Amphetamine Psychosis: Clinical Features And Treatment | 62153
Journal of Addiction Research & Therapy
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Amphetamine-type stimulants refer to a group of drugs whose principal members include amphetamine and
methamphetamine. The use of these drugs is a global and growing phenomenon and in recent years, there has been a
significant increase in the production and use of amphetamines worldwide. According to The world drug report the amount
of methamphetamine seized was increased from 34 tons in 2009 to 88 tons in 2013. In addition to growing market for
methamphetamine in East and South-East Asia, there are also indications of increasing use in parts of North America and
Europe. It is well established from several years ago that there is a strong relationship between the amphetamines use and the
development of acute psychosis. Amphetamine induced psychosis usually is a state of amphetamine intoxication with psychotic
symptoms, commonly presented with delusions and hallucinations. The early studies demonstrated that amphetamines could
produce psychotic symptoms even in healthy subjects. Amphetamine induced psychosis has been reported in 13–45% of
regular users of amphetamines.
Regarding the highly addictive nature, and its ability to produce psychotic symptoms, amphetamine abuse is a major
public health concern in the current century. While the number of the patients with amphetamine induced psychosis as well as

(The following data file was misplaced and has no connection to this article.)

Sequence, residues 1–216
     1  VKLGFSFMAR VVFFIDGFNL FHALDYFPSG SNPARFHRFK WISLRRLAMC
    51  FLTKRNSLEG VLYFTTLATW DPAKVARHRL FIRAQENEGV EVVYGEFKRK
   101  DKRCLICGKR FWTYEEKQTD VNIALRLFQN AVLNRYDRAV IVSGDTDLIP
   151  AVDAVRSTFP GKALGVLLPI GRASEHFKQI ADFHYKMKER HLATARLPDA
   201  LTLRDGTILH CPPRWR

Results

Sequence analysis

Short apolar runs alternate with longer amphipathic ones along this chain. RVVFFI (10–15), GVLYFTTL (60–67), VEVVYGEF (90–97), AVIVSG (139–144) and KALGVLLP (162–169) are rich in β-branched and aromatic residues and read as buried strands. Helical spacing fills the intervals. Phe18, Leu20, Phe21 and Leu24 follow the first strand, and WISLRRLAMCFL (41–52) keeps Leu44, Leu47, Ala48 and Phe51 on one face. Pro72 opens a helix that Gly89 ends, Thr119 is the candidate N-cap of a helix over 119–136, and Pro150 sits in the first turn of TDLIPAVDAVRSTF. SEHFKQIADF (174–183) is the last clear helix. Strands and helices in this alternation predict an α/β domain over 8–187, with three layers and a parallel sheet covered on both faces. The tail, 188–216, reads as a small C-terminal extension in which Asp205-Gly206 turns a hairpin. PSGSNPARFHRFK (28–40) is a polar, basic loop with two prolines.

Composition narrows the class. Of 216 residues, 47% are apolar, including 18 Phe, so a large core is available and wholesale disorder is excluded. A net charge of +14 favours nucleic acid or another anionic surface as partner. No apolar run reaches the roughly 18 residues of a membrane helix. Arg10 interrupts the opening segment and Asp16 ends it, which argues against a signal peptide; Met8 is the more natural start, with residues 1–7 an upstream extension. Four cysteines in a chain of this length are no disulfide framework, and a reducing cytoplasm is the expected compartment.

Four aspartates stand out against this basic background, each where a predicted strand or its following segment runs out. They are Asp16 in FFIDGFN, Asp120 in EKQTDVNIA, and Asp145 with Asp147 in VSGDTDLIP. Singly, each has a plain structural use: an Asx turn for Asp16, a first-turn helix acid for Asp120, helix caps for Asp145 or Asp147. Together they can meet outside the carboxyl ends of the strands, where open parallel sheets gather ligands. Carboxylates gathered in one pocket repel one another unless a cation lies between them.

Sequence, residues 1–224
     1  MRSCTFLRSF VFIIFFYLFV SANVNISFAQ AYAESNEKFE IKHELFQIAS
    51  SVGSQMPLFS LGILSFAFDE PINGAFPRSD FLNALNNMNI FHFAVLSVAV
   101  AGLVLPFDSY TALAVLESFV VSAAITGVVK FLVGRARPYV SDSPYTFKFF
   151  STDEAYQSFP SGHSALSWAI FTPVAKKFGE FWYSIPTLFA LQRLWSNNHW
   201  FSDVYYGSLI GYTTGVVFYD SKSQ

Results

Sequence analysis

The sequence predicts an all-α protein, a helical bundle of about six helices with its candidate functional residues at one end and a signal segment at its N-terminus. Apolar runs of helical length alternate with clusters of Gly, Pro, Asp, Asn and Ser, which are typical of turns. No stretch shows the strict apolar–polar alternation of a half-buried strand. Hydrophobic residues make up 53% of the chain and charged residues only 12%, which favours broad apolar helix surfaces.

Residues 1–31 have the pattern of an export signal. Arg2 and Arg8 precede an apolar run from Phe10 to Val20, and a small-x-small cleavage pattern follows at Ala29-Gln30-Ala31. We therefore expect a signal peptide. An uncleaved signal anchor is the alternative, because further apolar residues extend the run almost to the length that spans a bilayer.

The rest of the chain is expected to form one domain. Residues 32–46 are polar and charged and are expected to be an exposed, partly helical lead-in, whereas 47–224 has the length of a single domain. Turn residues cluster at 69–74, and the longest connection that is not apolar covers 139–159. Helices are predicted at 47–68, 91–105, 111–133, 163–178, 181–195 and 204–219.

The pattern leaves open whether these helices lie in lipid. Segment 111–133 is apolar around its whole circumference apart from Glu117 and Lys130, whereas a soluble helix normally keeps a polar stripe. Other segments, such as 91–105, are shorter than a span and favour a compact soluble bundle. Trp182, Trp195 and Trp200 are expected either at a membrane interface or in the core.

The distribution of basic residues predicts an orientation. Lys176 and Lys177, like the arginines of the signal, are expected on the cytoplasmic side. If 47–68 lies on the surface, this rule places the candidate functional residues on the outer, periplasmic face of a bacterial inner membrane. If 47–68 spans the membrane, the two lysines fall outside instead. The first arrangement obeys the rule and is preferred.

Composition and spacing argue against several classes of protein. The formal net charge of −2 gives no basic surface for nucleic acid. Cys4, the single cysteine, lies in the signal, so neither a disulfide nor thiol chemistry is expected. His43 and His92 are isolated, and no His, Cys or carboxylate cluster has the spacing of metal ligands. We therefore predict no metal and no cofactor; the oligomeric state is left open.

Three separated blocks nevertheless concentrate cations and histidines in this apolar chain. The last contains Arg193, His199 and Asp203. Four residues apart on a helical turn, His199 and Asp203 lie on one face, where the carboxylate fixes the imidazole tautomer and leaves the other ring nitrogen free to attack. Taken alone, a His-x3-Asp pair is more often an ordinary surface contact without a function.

the patients with abuse and chronic dependence on amphetamine is growing, more comprehensive understanding of clinical
features and treatment of this disorder will be required to address the psychosis as well as the addiction. This presentation will
review the risk factors, frequency, symptoms, and treatment of amphetamine induced psychosis. Also implications for practice,
management and future research will be discussed.
Vahid Farnia is the current chair in Substance Abuse Prevention Research Center at Kermanshah University of Medical Sciences, Kermanshah, Iran and he had been the chairperson of the Behavioral Sciences Research Center at the university from 2010 to 2013. He studied medicine at Isfahan University of Medical Sciences, Iran and obtaining his medical degree in 2000. He was a resident in psychiatry at Tehran University of Medical Sciences, Iran and obtains his national psychiatry board certification in 2008. He has undertaken 8 projects concerning amphetamine psychosis, dependence on amphetamine and drugs supported by Kermanshah University of Medical Sciences, Kermanshah, Iran. He is the author of a chapter with topic of "Amphetamine psychosis" in the book entitled "Neuropathology of Drug Addictions and Substance Misuse" which was edited by professor Victor R. Preedy from King's College London.